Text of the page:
Kolomoyskyi is probably less concerned with reputational damage from getting into the “oligarch registry,” as he has already been targeted with U.S. sanctions. Pinchuk, on his turn, could try to argue he falls short of being an oligarch by the three other criteria.

NV contacted Kolomoisky, Pinchuk, and former President Petro Poroshenko, but they all declined to comment on their potential exposure to the anti-oligarch law.

Mykola Knyazhytsky, the media coordinator for Poroshenko’s European Solidarity political party, supposes that most Ukrainians will notice Akhmetov’s TV channels winding down when they lose access to soccer broadcasts.

“Who would fork out ludicrous (soccer broadcast license) fees? Nobody,” said Knyazhytsky.

“Zelenskyy will get the blame.”

Knyazhytsky added that Akhmetov could be looking to shift the blame to the president, hoping to make the public resent the anti-oligarch law.

“Not Zelenskyy, but (Russian dictator Vladimir) Putin turned out to be the true bane of (Ukrainian) oligarchs, as their businesses were destroyed by (Russian) artillery and missiles,” he said.

SCM described the law, enacted last September with the votes of 279 out of 450 MPs, as “discriminatory.”

The company will not resume its media operations while the law remains on the books, according to SCM spokesperson Natalya Yemchenko.

“We consider (the law to be) discriminatory – something we’ve been saying the whole time – and therefore are abandoning the media business,” Yemchenko said in a Facebook post.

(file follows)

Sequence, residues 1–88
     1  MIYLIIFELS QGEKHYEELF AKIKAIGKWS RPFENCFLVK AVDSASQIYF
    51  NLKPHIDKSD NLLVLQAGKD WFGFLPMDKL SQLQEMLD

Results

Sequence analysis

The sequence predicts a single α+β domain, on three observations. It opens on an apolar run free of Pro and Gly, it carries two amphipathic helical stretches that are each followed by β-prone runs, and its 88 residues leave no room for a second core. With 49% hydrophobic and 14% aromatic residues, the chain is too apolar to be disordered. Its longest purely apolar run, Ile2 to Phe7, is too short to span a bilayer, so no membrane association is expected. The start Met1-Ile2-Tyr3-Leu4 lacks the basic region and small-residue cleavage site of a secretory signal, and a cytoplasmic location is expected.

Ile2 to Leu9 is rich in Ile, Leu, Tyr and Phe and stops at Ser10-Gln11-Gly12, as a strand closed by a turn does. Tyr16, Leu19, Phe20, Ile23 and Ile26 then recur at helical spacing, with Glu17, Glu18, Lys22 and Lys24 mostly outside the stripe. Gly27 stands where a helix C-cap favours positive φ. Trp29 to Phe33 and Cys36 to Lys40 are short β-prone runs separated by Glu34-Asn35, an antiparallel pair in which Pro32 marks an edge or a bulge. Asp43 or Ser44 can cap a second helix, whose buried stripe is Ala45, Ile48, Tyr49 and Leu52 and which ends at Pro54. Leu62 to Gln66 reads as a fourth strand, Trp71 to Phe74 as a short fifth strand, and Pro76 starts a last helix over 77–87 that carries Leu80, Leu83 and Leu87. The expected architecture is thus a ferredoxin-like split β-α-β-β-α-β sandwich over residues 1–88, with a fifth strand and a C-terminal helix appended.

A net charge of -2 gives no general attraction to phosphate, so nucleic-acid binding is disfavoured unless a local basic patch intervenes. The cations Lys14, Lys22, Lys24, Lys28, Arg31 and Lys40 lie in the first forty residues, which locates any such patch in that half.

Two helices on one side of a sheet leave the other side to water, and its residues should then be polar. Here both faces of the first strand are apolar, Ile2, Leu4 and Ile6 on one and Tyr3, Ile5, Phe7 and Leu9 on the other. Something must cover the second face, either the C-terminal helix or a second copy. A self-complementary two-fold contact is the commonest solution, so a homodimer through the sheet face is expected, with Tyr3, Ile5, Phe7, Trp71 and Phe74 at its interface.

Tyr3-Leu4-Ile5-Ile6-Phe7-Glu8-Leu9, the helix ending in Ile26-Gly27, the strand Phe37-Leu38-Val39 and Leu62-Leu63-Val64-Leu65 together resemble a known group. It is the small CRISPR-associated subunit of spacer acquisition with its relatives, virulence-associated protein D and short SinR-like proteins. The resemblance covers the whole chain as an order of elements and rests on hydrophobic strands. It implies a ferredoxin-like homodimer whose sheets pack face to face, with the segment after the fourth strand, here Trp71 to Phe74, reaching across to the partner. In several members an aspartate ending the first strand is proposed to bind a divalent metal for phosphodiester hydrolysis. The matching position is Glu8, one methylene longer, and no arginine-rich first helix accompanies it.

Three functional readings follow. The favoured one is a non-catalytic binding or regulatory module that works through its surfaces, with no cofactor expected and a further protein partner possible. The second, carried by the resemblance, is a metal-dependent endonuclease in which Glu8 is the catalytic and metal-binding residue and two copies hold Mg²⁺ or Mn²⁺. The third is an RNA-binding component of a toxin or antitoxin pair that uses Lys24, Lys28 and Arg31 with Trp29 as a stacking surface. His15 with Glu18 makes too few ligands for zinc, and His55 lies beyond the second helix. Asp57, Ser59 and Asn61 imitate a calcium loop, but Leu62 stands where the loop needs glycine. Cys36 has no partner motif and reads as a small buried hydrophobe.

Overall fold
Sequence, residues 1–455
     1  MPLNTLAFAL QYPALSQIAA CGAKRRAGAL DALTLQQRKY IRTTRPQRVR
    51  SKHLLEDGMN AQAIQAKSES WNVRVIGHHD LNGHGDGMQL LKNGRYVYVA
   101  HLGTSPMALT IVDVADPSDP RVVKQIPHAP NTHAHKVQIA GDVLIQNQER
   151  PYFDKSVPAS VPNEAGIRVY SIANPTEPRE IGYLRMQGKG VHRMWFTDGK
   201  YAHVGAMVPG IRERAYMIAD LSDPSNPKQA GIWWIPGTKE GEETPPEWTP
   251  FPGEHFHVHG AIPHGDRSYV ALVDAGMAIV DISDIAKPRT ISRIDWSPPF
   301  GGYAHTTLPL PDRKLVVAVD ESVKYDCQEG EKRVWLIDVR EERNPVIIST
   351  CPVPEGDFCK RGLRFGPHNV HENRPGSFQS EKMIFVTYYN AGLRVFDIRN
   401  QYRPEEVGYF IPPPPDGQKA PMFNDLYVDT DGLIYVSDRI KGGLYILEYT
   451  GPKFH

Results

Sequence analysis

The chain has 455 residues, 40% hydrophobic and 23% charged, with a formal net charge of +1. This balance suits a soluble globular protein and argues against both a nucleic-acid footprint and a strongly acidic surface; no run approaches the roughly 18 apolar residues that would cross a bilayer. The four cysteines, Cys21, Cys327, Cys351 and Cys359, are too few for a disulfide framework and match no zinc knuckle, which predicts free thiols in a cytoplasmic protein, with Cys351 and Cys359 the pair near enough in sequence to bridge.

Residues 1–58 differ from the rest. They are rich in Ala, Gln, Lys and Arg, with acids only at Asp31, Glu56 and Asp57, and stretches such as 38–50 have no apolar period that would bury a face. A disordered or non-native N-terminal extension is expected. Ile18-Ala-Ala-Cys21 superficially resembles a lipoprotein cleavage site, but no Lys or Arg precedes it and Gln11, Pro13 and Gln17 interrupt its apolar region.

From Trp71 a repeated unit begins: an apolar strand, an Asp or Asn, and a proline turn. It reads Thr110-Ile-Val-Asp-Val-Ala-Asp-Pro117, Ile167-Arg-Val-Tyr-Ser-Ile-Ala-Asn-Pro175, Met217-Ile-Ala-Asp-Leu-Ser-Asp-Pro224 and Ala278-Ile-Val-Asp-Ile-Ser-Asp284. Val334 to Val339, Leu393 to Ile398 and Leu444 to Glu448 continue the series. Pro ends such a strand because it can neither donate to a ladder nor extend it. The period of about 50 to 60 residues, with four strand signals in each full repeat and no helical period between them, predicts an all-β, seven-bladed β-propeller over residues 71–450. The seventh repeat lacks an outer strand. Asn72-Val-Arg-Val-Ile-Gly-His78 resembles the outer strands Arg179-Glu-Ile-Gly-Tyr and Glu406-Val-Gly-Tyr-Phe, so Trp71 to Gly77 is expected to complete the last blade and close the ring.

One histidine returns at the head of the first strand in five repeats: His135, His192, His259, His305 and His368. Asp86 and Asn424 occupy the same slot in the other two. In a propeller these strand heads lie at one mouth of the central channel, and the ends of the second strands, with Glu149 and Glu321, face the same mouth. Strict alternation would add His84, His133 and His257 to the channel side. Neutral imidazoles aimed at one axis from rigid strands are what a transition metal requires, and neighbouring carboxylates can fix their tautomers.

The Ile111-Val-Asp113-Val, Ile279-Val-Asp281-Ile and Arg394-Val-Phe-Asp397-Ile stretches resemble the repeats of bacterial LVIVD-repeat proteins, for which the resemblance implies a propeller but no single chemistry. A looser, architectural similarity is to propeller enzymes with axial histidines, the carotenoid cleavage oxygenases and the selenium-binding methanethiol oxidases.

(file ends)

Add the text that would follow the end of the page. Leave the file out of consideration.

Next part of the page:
She added that SCM will not “bargain” about complying with “discriminatory” norms of the law.

A multitude of reasons

Political scientist Anatoliy Oksytyuk suggested that a whole range of reasons prompted Akhmetov’s decisions, with the war being chief among them.

“Today’s agenda is wholly different: there is no political competition in the parliament, as it’s curtailed by martial law,” Oktysyuk told NV.

He added that the media landscape also remains absolutely neutral and uncritical of various political forces during the war, as opportunities for parliamentary lobbying are all but gone.

“What else is there to do, when the parliament has become a strictly technical institution?” Oktysyuk said.

“No longer it is the central debate platform in the country, where any number of issues could be raised. That’s why I think him getting rid of these (broadcasting) licenses was a purely pragmatic move.”

In addition to trying to avoid the “oligarch registry,” Akhmetov was also constrained in how much he could spend to support his unprofitable media division, noted Oktysyuk.

“Being placed into the registry wouldn’t have been a huge deal, if he (Akhmetov) didn’t have assets abroad – like Kolomoisky, for example,” said Oktysyuk.

“(Kolomoisky) doesn’t mind being an oligarch, he will probably boast about it instead.”